News reporting on climate change issues is apparently much less compared to the news coverage on crimes and political issues. This was pointed out during a recent brainstorming session conducted by Bhutan and Media and Communications Institute (BMCI) which consisted of journalists from media houses, representatives from environmental organizations and media students from Sherubtse College.
The session pointed out that new initiatives or activities to mitigate the global problem to help people adapt to changing climate issues are rarely covered by the media.
A communications specialist from the International Centre for Integrated Mountain Development (ICIMOD),Gopilal Acharya, said that the Hindu Kush Himalayan region, where Bhutan is located, also known as the “Third Pole” is of the greatest concern for the entire world. Renowned scientists have predicted the shortage of water, food and energy in the Himalayan region in the future due to the impacts of climate change.
There have been examples of glacier outburst floods, landslides and changing climatic patterns in Bhutan in the last few years. There are also some examples of mitigation strategies, like that carried out in lowering water levels in Raphstreng Lake. An outburst flood from Thorthormi into Raphstreng could easily cause the lower lake to overflow. The combined outpouring of melt water and rock debris could be even more devastating than the 1994 flood. Similarly, the region is prone to major disasters as the Himalayas are the source of the largest rivers in Asia.
Farmer Sangay Duba, a retired agriculture expert from Yusipang, said, “It used to snow as thick as 4 feet and now there is no snow. The frost could be noticed by early September but now the frosts are hardly seen. I may not know much, but I feel this is because of climate change.”
He said that agriculture in Bhutan is now heavily dependent on irrigation system due to unreliable rainfall. He further added that in places, like Yusipang, there were no irrigation systems up until recently as the farmers are used to rely on the timely rainfall. “When that doesn’t happen they fail to channel water and the agriculture becomes difficult for the year.”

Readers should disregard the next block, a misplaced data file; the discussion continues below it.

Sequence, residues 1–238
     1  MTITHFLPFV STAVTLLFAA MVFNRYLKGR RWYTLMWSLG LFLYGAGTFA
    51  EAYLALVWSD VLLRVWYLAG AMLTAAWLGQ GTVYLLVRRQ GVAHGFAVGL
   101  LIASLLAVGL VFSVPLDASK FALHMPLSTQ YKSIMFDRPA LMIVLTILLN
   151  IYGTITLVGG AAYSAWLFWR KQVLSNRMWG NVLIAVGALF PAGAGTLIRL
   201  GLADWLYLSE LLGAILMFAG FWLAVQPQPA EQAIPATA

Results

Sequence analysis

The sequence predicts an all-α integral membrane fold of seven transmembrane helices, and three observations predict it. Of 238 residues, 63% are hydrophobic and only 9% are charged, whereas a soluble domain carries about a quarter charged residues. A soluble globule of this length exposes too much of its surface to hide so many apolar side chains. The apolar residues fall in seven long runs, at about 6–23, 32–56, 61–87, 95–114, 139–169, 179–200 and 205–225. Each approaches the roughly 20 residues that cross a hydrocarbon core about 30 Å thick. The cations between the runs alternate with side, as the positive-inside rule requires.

While the knowledge on climate change might not reach to every rural community, however, organizations, like the Tarayana Foundation, ICIMOD, Royal Society for Protection of Nature (RSPN), have been able to engage communities on climate change issues through their projects and research activities.
Tarayana Foundation has been working with about 300 villages in 16 districts. They have been working with rural villages that have difficult access to road or electricity. The foundation has been working on gravity ropeways, eco-sanitation, biogas, solar dryer, pico hydro projects, and educating the rural communities about energy saving and efficient usage of resources.
ICIMOD has been working closely on various mitigation strategies, like geospatial, livelihoods and ecosystem services in Bhutan and around the region. According to Gopilal Acharya, mountain issues are not recognized as a regional or national or international priorities, and are marked only once or twice in the United Nations’ Conference on Sustainable Development, but he said mountains play a big political role which will only intensify in the future.
The reasons that the climate change issues are rarely covered in media is because of the inadequate information which are acquired through mere phone calls, assumptions or generic data reports. Experts point out that there is a difficulty in getting the information from the official records which are recorded in the ministries. Journalists who report on environmental issues should be frequently trained and updated about the understanding of climate change and other related areas, as pointed out during the brainstorming session.
BMCI hopes to conduct such workshops in the future and bring together environmental workers, farmers, policy makers and journalists to hold discussions on environmental issues and to build capacity for climate change reporting.